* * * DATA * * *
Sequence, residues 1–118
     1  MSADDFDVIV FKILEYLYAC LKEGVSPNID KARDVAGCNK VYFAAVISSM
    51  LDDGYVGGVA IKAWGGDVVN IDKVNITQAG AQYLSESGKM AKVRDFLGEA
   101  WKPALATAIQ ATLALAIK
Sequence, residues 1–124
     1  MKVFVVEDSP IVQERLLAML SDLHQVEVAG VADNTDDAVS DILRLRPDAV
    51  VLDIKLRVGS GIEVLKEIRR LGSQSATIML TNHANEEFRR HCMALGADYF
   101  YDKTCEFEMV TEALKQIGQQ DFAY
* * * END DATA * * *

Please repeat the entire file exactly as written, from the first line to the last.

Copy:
Sequence, residues 1–118
     1  MSADDFDVIV FKILEYLYAC LKEGVSPNID KARDVAGCNK VYFAAVISSM
    51  LDDGYVGGVA IKAWGGDVVN IDKVNITQAG AQYLSESGKM AKVRDFLGEA
   101  WKPALATAIQ ATLALAIK
Sequence, residues 1–124
     1  MKVFVVEDSP IVQERLLAML SDLHQVEVAG VADNTDDAVS DILRLRPDAV
    51  VLDIKLRVGS GIEVLKEIRR LGSQSATIML TNHANEEFRR HCMALGADYF
   101  YDKTCEFEMV TEALKQIGQQ DFAY